The holiday season is officially upon us. But before we can settle back with family and friends, we must make the necessary preparations. We’re putting in longer hours at the office, scheduling last-minute doctor’s appointments and, occasionally, sneaking our children out of school early to visit out-of-town relatives. During the hustle and bustle of the holidays, it may not seem like a big deal for kids to miss a few hours, or even days, of school. Besides, it’s just parties, crafts and fun at this point of the school year, right?

As parents, we’ve been trained to think absences only matter when our children are older and are learning more complex subjects in school. Unfortunately, what we often forget is the building blocks of learning—the ones that are essential for children’s later success—start early. Each day our children aren’t at school, they’re missing critical reading and math instruction time they need to excel in school and life.

So, how do we know if our children are missing too much school? According to Attendance Works, a state and national initiative, chronic absence is defined as missing 10 percent or approximately 18 days of the school year. While this may sound like a lot, it’s actually only two days missed each month. With holidays, vacations and sick days, these absences can quickly add up.

Unfortunately, chronic absenteeism is happening right here in Arkansas across all income levels and demographic groups. According to the Arkansas Campaign for Grade-Level Reading (AR-GLR) and Arkansas Advocates for Children and Families, more than 12 percent of all Arkansas kindergarten through third grade students were chronically absent in the 2014-2015 school year. Today, 50 Arkansas public schools have chronic absenteeism rates of 30 percent or more. Another 109 Arkansas schools have rates of 20 to 29 percent.

As Attendance Works says, chronic absence is a “red flag for academic trouble.” Studies show children who are chronically absent in kindergarten show lower levels of achievement in math, reading and general knowledge during first grade and are predicted to have lower levels of educational achievement at the end of the fifth grade. Chronically absent students are also less likely to read on grade level—significantly hurting their chances of being able to make the shift from “learning to read” to “reading to learn” by the end of the third grade. Without intervention, these absences can continue into higher grades, putting our students at even greater risk of dropping out of school.

The good news? We can help turn chronic absenteeism around. In 2013, the AR-GLR and Attendance Works launched the Make Every Day Count Initiative to help schools, districts and communities track chronic absences and develop and implement plans to help kids in the classroom. But as parents we can, and must, help too. By getting our children to school on time and ready to learn every day, we can ensure our children have a chance to succeed. Here are a few proven tips we can implement at home to help reduce chronic absences:

Highlight the importance of attendance. Talk to children about why going to school is important to their future. If a child seems reluctant to go to school, find out why (i.e., bullying or academic difficulties) and work with the teacher, administrator or after-school provider to find a solution.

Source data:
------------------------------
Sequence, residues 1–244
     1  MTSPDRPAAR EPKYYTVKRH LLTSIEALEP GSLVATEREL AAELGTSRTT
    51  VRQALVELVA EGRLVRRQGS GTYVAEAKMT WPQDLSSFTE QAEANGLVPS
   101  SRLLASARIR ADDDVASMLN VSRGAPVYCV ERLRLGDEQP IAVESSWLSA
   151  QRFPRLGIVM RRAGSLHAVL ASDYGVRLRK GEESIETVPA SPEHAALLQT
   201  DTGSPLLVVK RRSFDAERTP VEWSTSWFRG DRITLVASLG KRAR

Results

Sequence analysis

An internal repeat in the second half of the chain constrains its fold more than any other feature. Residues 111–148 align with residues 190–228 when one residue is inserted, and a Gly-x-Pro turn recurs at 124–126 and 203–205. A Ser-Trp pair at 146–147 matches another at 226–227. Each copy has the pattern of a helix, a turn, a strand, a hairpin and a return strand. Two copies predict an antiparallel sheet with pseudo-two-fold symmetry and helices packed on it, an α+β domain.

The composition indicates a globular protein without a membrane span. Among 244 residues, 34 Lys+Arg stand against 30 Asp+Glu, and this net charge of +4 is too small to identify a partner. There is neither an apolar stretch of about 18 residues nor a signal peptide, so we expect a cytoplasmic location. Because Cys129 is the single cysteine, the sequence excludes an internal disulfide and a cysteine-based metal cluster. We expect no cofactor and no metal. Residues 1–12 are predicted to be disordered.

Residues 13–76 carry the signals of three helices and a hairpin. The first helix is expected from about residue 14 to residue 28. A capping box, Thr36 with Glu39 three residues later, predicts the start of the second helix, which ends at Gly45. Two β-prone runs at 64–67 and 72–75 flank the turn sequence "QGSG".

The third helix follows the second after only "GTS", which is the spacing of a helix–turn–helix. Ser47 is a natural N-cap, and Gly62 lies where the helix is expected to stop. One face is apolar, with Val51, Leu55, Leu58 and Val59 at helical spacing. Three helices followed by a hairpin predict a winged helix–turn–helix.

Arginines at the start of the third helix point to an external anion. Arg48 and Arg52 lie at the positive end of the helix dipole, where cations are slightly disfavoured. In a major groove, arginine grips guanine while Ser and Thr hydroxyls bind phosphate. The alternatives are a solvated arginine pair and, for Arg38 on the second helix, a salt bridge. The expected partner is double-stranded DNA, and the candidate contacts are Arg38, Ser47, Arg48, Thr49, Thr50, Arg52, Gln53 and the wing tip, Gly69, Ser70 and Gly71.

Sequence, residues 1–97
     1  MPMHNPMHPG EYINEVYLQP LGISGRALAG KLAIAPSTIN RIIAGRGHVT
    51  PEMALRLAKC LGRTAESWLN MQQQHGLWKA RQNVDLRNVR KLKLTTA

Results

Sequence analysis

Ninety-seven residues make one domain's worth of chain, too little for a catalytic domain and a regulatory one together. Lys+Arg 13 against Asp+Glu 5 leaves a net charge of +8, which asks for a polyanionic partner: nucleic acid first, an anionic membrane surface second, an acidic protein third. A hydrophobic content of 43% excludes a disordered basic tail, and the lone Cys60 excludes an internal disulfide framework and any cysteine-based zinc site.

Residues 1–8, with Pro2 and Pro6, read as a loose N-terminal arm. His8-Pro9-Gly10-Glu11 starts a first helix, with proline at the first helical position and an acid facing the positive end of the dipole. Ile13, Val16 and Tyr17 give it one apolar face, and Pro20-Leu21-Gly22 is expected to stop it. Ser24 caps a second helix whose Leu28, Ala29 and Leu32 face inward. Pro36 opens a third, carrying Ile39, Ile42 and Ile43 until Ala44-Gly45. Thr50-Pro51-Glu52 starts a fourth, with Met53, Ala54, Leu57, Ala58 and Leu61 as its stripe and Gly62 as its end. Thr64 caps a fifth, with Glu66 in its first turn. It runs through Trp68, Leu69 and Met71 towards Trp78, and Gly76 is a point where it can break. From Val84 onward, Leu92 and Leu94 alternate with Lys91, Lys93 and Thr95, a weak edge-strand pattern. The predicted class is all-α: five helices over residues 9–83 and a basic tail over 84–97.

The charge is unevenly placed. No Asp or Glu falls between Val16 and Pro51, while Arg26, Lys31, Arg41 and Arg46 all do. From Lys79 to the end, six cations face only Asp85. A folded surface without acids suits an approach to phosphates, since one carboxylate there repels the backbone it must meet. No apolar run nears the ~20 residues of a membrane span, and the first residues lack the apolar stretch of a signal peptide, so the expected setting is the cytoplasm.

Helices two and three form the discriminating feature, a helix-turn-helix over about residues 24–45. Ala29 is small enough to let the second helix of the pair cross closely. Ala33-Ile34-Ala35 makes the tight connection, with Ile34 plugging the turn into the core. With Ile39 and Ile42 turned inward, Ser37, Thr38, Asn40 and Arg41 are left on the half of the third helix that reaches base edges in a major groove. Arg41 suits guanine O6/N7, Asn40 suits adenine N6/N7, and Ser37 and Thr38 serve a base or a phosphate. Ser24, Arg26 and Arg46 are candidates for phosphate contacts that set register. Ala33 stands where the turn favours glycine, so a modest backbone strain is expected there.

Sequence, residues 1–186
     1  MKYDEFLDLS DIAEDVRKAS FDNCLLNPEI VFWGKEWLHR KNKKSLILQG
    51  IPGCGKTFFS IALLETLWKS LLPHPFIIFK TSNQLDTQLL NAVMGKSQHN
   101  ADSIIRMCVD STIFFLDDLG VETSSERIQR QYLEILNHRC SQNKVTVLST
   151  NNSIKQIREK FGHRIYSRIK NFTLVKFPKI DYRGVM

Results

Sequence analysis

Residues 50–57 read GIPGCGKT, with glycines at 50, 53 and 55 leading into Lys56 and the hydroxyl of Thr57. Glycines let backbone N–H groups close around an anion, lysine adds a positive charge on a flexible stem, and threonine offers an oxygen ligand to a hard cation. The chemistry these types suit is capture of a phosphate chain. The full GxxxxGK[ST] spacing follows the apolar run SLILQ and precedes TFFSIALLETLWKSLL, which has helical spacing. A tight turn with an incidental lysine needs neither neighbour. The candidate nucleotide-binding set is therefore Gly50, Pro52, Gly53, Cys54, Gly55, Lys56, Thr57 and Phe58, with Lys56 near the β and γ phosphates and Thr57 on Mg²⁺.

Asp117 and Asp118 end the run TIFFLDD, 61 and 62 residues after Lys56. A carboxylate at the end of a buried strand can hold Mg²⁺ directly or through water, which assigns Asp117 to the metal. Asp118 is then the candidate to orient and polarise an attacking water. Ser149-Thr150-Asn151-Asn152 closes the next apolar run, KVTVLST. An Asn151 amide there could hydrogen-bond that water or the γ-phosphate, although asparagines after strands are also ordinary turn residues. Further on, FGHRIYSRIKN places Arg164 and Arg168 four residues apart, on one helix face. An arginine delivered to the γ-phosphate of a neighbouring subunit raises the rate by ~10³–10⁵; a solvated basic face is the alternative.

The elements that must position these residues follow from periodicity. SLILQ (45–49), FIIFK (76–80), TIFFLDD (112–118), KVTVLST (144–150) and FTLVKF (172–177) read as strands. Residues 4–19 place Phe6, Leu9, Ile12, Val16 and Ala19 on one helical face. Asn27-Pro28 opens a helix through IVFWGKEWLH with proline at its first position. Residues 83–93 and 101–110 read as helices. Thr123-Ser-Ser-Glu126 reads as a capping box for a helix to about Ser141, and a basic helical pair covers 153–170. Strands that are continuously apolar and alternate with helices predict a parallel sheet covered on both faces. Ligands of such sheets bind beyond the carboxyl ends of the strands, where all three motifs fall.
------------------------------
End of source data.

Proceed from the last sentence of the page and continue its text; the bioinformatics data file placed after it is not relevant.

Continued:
Set a weekday routine. Establish and stick to regular bedtimes and wake-up times so children develop a habit for on-time attendance. Ensure smoother mornings by packing backpacks and lunches and laying out clothes in the evening.

Create a backup plan. Find a relative, friend or neighbor who can take children to school if something affects your normal routines (i.e., illness or car troubles).

Promote healthy habits. Encourage children to eat breakfast so they show up at school ready to learn. Help prevent illnesses and missed days with regular doctor visits and preventive care. If appointments are necessary, schedule them after the school day.

Be aware. Stay up-to-date on children’s curricula and homework assignments. This will help us understand what they are learning each day and see first-hand how much a day away from school will impact that learning. If children are absent, coordinate with the teacher to make sure they have the opportunity to make up missed work.

Encourage continued learning. Consider enrolling children in after-school programs and identify non-academic activities such as drama or art, which can help motivate children’s interests in school.

Celebrate milestones. Keep an attendance chart at home and reward children for attending school every day with “treats” such as extra visits to the park. To stay on track, visit and fill out “My Child’s Attendance Goals.”

Balancing hectic work schedules, appointments and a full slate of extracurricular activities can be difficult, especially around the holidays. But as parents we must make it our priority to ensure our children attend school every day. When it comes to our children’s success, it’s essential we make every school day count.

Angela Duran is the campaign director for the Arkansas Campaign for Grade-Level Reading. She is the proud mother of Matthew, a first grader at Forest Heights STEM Academy, and Noah, a pre-K student at Fair Park Early Childhood Center.